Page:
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The Baroque Period

The Baroque Period (1600-1760)
The term Baroque is used to describe the style of music written from approximately 1600 to 1750. This title was originally used to describe a style of art and architecture of highly decorative and extravagant design in the 17th and 18th centuries. The elaborate detail of design during the Baroque period can also be seen in the furniture of the era. It was a time when people wore lavish clothes and ornamented themselves with ruffles, jewels, and powdered wigs.
Most Baroque musicians worked as servants of a royal court, church, or town. Their music reflected their occupations. Court musicians wrote dances and music for concerts and royal ceremonies. Church musicians wrote instrumental and vocal music for church services and oratorios and masses for special occasions. Some musicians were supported by patrons who expected the composer to write music for them. Most Baroque musicians were composers, performers, conductors, and also teachers. You can imagine how busy these individuals must have been!
Before the invention of the piano, keyboard music was written for the clavichord, harpsichord, and organ. The clavichord produces a small, delicate sound and was used mainly in small rooms as a practice instrument and also an aid for composition. The harpsichord has a bigger sound and was the favored keyboard instrument during the Baroque period. The organ was capable of producing a great sound and variety of effects. Used primarily for church services, the Baroque organ resembled the organs we still find in churches today.
Baroque keyboard music was frequently written in polyphonic texture, and a common form of composition was binary form. Much of the music was written to accompany dances, such as the minuet, gavotte, gigue, polonaise, march, bourree, and courante. The prelude was also an important type of composition during the Baroque era. Preludes are often intended to precede other pieces, as introductory music. The form of a prelude tends to be free and improvisatory. Johann Sebastian Bach wrote many preludes for his students, as exercises for developing keyboard technique.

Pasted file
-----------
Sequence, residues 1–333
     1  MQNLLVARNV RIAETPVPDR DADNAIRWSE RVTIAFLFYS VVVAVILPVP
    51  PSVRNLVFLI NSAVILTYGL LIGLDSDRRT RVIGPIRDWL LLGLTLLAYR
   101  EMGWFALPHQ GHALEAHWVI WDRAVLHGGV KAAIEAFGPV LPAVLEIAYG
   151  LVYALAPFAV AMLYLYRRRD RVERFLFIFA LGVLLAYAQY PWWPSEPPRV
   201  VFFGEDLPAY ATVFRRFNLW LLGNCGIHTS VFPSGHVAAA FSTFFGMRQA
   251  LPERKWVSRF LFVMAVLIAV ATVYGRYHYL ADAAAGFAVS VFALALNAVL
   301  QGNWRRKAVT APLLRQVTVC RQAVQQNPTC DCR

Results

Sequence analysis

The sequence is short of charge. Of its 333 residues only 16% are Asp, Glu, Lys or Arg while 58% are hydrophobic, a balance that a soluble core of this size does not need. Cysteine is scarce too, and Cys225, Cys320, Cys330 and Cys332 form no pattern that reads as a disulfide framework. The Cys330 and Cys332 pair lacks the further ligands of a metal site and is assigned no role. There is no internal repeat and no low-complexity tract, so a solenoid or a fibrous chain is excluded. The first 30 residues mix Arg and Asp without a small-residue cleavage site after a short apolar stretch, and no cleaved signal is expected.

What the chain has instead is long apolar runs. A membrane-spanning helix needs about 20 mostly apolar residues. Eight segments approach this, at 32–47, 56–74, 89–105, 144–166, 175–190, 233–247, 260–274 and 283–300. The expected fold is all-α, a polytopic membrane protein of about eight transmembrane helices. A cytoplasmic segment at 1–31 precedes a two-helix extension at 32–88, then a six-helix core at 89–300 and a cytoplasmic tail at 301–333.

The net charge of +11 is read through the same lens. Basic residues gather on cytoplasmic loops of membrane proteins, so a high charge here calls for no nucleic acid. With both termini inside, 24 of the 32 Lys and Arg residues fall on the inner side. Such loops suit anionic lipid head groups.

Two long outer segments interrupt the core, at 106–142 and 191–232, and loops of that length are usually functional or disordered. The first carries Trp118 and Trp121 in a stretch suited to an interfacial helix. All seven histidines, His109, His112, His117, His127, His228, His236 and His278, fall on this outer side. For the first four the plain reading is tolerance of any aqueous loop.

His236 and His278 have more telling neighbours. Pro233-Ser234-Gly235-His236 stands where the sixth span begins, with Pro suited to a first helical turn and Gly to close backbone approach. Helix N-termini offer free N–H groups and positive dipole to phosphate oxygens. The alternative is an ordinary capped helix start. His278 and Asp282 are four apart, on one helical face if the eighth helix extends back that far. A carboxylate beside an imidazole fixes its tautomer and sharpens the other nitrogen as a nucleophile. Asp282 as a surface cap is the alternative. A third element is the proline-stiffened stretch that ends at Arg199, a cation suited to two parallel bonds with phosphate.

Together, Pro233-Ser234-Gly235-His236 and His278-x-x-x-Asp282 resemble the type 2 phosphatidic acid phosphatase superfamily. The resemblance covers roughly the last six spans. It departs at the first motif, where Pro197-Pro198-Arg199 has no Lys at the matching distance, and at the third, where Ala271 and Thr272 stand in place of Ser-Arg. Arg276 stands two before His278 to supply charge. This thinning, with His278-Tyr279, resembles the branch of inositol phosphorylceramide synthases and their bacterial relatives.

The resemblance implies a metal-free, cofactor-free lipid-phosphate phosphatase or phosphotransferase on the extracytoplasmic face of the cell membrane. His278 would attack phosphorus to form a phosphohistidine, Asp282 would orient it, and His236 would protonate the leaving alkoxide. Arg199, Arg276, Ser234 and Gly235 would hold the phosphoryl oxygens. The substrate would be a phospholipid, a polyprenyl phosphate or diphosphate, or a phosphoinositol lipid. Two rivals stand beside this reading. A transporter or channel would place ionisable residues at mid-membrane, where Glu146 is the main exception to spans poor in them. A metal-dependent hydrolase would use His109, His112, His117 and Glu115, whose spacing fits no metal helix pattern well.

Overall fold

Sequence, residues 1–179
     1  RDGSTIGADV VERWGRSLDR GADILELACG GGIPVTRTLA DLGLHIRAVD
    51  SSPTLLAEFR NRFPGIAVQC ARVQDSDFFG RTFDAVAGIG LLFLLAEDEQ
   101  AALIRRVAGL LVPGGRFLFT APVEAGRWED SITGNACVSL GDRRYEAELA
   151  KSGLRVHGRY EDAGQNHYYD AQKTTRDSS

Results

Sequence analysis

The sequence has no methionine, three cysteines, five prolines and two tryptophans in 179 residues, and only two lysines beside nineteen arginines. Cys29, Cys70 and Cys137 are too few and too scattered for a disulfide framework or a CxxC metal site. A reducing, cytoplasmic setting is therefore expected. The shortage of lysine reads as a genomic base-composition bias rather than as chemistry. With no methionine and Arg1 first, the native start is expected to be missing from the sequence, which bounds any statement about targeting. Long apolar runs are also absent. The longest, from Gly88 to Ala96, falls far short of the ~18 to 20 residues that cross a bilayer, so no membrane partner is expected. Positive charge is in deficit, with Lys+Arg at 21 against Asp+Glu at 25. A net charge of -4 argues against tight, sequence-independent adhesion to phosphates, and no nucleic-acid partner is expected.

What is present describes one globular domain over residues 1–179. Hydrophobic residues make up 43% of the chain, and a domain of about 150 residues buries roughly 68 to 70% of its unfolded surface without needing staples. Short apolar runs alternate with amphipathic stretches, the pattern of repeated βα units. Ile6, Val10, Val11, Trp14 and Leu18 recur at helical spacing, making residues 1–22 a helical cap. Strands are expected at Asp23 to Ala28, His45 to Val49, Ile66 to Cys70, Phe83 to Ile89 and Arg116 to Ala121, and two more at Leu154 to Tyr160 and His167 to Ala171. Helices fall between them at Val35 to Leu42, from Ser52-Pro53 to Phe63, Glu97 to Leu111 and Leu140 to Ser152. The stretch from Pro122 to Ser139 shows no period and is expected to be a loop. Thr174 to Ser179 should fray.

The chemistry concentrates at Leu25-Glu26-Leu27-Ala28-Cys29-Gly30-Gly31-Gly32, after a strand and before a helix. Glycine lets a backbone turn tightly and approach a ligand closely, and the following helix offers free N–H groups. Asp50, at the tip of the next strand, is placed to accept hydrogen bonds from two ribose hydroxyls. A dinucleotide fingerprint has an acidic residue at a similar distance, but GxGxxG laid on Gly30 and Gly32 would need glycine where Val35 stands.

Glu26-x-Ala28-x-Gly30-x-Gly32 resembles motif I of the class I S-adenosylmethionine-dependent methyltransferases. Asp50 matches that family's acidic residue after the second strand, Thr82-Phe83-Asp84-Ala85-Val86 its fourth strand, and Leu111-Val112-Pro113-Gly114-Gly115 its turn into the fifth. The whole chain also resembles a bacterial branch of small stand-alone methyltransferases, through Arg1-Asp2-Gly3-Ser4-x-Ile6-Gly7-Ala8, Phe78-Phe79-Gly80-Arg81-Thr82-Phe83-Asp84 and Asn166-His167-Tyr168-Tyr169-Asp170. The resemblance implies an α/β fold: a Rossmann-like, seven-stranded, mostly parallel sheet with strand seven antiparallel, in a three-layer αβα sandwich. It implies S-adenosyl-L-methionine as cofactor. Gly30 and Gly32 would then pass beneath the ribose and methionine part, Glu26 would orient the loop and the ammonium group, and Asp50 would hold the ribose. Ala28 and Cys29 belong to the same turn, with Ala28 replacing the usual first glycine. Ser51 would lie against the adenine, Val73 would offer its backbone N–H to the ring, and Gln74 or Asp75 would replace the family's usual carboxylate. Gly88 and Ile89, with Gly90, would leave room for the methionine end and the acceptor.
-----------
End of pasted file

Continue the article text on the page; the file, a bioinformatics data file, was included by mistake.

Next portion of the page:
A compositional technique known as counterpoint was developed and perfected in the Baroque era. Counterpoint involves combining two or more contrasting themes in a way that sounds unified. Examples of counterpoint are inventions and fugues.
The practice of embellishing a piece with ornaments was characteristic of the style of music performance in the Baroque period. Ornaments - such as trills, grace notes, turns, and rapid scale passages - were not always written in the musical score by the composer. It was customary that these be added at the performer’s discretion, to enhance the expressive quality of the music. This ornamentation was especially common for slower pieces, and also when repeating a section of a piece. It was considered unimaginative to repeat a section of music without adding any alterations. On the harpsichord or clavichord, where the decay of the sound occurs quickly after a note is struck, ornaments help provide resonance and give extended duration to the sound.
Composers of the Baroque period seldom wrote dynamic or articulation markings in the music. As with ornamentation, these issues of interpretation were left to the musical taste of the performer.
Baroque music reached its highest peak in the music of Johann Sebastian Bach. To this day, many still believe that he is the greatest musician and composer to have ever lived.
Notable Baroque Composers:

Important musical characteristics of the Baroque Period:
      • Polyphonic texture
      • Use of ornamentation
      • Compositions for dance forms (often a full dance suite)
      • Limited use of dynamic and expression marks by composers 


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